Animals That Make the Worst Pets
There are thousands of beautiful, unusual and exotic animals all over the planet, but that doesn’t mean that each of them would make great pets. Choosing a pet takes thought, and even if you can own a pet zebra or tiger, it doesn’t mean that you should.
Many animals don’t do well in captivity, so the very act of forcing them into the role of a pet means you’re endangering them. Some animals are untamable, non-domesticated and frankly dangerous to have around.
In these cases, the best decision you can make is to leave an animal alone in its natural habitat and appreciate them from afar. These animals make the worst pets of all time.
Height: 11.2 feet (males), 8.2 feet (females)
Weight: 790 -990 pounds
Longevity: 30-50 years
Bottom Line: Alligator
You’re asking for trouble when you decide to keep an alligator as a pet. Think they’re going to fit right in with the family and sleep on your bed at night? Think again.
These animals weren’t created to be pets. Alligators like to trick people into thinking they’re not that fast or that their behavior is predictable, but neither is true. Never assume you can tell what an alligator is going to do or that you can outrun them.
Height: 5.9-9.8 inches
Weight: 5.5-14 pounds
Longevity: 12- 15 years
Bottom Line: Armadillo
Armadillos tend to have problems with parasites and pests, and they’re prone to certain diseases such as leprosy and malaria. You’ll have trouble finding a veterinarian to treat an armadillo, let alone an armadillo with a disease.
Armadillos aren’t social either. They get into fights with other armadillos and need space to roam and dig. Don’t forget about their super-sharp claws that damage almost everything they come into contact with, and that includes your patio furniture.
Height: 9.8-12 inches
Weight: 7-21 pounds (male); 3-7 pounds (female)
Longevity: 3-6 years
Bottom Line: Arctic Fox
Arctic foxes are extremely pretty animals, and they are tamable. However, no matter how much you work with them, you’ll never make them completely domesticated. They can be trained to coexist with people but will continue to be a threat.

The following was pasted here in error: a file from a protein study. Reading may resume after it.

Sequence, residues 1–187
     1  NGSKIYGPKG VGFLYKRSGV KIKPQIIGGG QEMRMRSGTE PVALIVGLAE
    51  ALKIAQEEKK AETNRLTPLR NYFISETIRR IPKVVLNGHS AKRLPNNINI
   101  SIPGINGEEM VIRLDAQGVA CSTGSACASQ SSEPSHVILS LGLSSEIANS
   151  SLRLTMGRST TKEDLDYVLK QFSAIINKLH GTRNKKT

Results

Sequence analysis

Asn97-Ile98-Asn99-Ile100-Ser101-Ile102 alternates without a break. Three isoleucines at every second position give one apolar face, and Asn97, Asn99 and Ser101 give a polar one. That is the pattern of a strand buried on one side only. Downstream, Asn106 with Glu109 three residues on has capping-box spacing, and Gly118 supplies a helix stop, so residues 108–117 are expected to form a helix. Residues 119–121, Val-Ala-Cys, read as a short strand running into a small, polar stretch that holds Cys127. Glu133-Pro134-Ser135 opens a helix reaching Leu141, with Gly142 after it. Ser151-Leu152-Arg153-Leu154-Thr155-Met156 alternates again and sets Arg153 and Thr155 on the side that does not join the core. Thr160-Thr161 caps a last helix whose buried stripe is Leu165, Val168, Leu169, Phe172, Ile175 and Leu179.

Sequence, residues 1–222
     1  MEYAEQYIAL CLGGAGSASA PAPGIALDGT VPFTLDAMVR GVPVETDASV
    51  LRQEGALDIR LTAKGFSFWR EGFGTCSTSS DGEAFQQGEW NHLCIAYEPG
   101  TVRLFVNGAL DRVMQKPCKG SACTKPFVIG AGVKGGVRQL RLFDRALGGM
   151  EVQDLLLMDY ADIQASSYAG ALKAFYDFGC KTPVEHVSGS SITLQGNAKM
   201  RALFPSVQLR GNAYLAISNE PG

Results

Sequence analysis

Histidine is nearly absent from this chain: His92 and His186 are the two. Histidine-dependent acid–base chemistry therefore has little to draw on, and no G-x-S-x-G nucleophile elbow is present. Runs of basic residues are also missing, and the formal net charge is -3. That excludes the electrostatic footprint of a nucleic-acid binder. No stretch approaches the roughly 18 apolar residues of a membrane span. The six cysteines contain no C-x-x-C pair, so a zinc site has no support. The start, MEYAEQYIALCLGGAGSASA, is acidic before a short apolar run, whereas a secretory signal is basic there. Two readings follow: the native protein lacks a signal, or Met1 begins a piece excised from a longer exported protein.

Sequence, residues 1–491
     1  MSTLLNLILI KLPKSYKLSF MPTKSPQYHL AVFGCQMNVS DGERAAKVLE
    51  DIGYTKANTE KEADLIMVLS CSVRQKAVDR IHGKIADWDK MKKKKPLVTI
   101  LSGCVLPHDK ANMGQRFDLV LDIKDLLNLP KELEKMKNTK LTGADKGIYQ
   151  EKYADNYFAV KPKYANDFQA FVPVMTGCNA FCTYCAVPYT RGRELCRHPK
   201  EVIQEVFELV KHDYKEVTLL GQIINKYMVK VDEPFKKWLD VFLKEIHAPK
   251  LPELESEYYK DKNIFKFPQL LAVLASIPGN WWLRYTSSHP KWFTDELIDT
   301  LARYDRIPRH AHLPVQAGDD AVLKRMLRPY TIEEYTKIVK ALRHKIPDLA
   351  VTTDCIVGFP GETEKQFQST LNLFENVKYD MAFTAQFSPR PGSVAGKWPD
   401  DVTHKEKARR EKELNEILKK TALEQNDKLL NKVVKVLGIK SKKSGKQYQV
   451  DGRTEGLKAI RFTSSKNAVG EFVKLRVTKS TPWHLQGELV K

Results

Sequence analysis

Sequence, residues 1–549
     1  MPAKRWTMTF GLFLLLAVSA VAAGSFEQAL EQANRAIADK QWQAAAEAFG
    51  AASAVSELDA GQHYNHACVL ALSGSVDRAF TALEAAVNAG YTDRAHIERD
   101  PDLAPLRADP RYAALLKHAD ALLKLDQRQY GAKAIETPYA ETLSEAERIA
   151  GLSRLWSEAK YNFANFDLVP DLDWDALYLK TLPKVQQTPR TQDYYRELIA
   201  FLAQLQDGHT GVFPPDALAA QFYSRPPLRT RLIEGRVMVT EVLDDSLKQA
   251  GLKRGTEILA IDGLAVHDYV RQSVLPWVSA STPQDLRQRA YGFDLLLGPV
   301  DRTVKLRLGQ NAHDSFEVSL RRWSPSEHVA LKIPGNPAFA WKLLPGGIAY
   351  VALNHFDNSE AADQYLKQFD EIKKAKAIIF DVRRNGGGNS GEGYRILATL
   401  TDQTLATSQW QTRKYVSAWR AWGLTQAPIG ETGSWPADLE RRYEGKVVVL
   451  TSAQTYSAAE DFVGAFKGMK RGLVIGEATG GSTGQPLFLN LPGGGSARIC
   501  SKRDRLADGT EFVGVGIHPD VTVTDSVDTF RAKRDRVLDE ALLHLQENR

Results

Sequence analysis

They’ll always be wild animals, and you’ll never know when they might snap at you, bite you or worse. And you can’t have other small pets, as the Arctic fox will only look at them as dinner.
Height: Up to 7 inches
Weight: 1 ounce-3.3 pounds
Longevity: 5-30 years
Bottom Line: Bat
You’re not doing the bat any favors by keeping them as a pet. They don’t thrive in captivity at all. They need to fly far distances to stay happy and healthy.
If they’re kept locked up in any kind of cage or pen, it will be torture for them. A bat in captivity will be scared, lonely and won’t eat a healthy bat diet. Bats like being around other bats, not people. Bats don’t exist to act as spooky pets or live Halloween decorations.
Height: 13-16 inches
Weight: 8-15 pounds
Longevity: 9-15 years
Bottom Line: Bengal Cats
Bengal cats are beautiful, but they can be challenging to have as a pet. Bengals have many health and behavioral issues. It’s not unheard of for them to ignore the litter box, especially when acting out, and to pee all over the house. Plus, they often have chronic diarrhea.
They’re into scratching and will scratch up your couch or anything within claw distance. They’re extremely vocal and are constantly meowing. They don’t do well being left alone for too long, and you never want them bored because that’s when they’ll misbehave.
Height: 2.5 feet
Weight: 8.8 -13.2 pounds
Longevity: 2 years
Bottom Line: Black-Eared Opossum
Opossums look sad, and it’s easy to imagine that they have a hard life, so why make it even harder by capturing them? They don’t do well in captivity, and they’re known to develop metabolic bone disease from not having the right foods in their diet.
They’re solitary creatures, and if two are in a cage together, they’re not going to be friends and will probably kill each other. There’s also the strong possibility that owning an opossum is illegal where you live.
Height: 2 feet
Weight: 170 pounds
Longevity: 8-10 years
Bottom Line: Capybara
These extra-large rodents are generally pleasant enough to humans. However, if they feel threatened or aggravated, they’ll use their massive, rat-like choppers to defend themselves. They thrive in groups and must always be with other capybaras. Care must be made so that both male and female capybaras live together in an enclosure, or there will be some territory battles.